TribLive commenting policy
You are solely responsible for your comments and by using TribLive.com you agree to our Terms of Service.
We moderate comments. Our goal is to provide substantive commentary for a general readership. By screening submissions, we provide a space where readers can share intelligent and informed commentary that enhances the quality of our news and information.
While most comments will be posted if they are on-topic and not abusive, moderating decisions are subjective. We will make them as carefully and consistently as we can. Because of the volume of reader comments, we cannot review individual moderation decisions with readers.
We value thoughtful comments representing a range of views that make their point quickly and politely. We make an effort to protect discussions from repeated comments either by the same reader or different readers.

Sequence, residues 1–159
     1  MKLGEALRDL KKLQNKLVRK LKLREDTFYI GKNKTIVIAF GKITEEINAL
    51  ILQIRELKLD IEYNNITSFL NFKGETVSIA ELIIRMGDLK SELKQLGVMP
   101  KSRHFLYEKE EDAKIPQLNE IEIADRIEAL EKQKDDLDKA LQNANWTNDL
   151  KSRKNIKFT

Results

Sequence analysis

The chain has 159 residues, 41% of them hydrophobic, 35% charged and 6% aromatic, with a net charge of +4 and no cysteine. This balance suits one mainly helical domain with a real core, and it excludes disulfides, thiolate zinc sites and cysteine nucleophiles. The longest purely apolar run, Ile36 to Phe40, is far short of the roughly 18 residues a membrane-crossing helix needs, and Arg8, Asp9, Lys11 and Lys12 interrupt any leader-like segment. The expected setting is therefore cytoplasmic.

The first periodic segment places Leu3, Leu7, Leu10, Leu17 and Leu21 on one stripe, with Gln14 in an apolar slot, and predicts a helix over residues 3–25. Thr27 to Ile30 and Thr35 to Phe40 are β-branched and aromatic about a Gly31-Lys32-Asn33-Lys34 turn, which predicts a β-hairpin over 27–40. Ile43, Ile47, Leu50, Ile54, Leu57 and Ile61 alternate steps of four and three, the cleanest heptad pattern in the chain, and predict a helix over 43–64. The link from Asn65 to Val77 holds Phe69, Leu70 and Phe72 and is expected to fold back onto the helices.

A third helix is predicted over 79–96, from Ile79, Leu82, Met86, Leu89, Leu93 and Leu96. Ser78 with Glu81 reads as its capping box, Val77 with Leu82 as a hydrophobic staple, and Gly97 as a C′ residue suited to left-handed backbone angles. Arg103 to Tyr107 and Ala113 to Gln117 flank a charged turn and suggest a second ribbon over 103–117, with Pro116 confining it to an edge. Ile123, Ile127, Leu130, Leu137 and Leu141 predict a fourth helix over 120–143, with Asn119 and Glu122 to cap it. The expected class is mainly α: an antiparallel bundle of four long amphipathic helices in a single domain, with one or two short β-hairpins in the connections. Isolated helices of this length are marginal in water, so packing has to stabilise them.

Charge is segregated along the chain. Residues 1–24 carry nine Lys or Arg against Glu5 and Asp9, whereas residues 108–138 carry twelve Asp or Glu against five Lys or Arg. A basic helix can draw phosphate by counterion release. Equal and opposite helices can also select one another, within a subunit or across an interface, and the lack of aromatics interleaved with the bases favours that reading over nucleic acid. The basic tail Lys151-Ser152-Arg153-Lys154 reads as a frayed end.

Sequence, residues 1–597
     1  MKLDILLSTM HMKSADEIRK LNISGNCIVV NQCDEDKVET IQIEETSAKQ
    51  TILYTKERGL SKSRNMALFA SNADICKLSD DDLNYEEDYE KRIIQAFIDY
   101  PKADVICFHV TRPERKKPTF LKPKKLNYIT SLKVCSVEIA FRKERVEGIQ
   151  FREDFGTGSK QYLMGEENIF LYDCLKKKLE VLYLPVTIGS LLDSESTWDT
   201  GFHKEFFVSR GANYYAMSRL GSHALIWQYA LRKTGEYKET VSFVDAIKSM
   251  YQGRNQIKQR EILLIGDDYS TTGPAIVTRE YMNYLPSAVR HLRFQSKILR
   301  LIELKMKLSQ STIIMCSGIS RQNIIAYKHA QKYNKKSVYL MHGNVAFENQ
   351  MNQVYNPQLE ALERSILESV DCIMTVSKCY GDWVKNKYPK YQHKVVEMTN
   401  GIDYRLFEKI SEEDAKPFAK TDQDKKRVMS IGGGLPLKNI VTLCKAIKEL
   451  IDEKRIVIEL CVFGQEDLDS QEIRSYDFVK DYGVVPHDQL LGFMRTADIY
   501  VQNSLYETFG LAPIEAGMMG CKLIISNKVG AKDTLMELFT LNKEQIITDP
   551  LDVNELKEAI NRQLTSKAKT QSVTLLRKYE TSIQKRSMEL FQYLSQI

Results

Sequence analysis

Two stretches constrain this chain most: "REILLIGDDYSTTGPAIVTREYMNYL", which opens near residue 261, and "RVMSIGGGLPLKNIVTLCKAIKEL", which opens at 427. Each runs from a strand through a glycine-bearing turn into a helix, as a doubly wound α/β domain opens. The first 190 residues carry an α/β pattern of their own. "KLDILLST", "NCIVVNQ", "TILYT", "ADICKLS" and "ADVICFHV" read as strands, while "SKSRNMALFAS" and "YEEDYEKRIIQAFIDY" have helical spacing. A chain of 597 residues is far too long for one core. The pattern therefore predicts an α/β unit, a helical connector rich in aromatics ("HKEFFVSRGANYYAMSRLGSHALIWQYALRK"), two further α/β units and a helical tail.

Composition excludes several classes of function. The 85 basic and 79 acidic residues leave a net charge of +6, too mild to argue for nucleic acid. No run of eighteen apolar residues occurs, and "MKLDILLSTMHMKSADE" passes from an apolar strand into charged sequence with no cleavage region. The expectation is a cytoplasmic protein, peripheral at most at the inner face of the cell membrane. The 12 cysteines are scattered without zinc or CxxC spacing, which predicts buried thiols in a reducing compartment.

We follow the same standards for taste as the daily newspaper. A few things we won't tolerate: personal attacks, obscenity, vulgarity, profanity (including expletives and letters followed by dashes), commercial promotion, impersonations, incoherence, proselytizing and SHOUTING. Don't include URLs to Web sites.
We do not edit comments. They are either approved or deleted. We reserve the right to edit a comment that is quoted or excerpted in an article. In this case, we may fix spelling and punctuation.
We welcome strong opinions and criticism of our work, but we don't want comments to become bogged down with discussions of our policies and we will moderate accordingly.
We appreciate it when readers and people quoted in articles or blog posts point out errors of fact or emphasis and will investigate all assertions. But these suggestions should be sent via e-mail. To avoid distracting other readers, we won't publish comments that suggest a correction. Instead, corrections will be made in a blog post or in an article.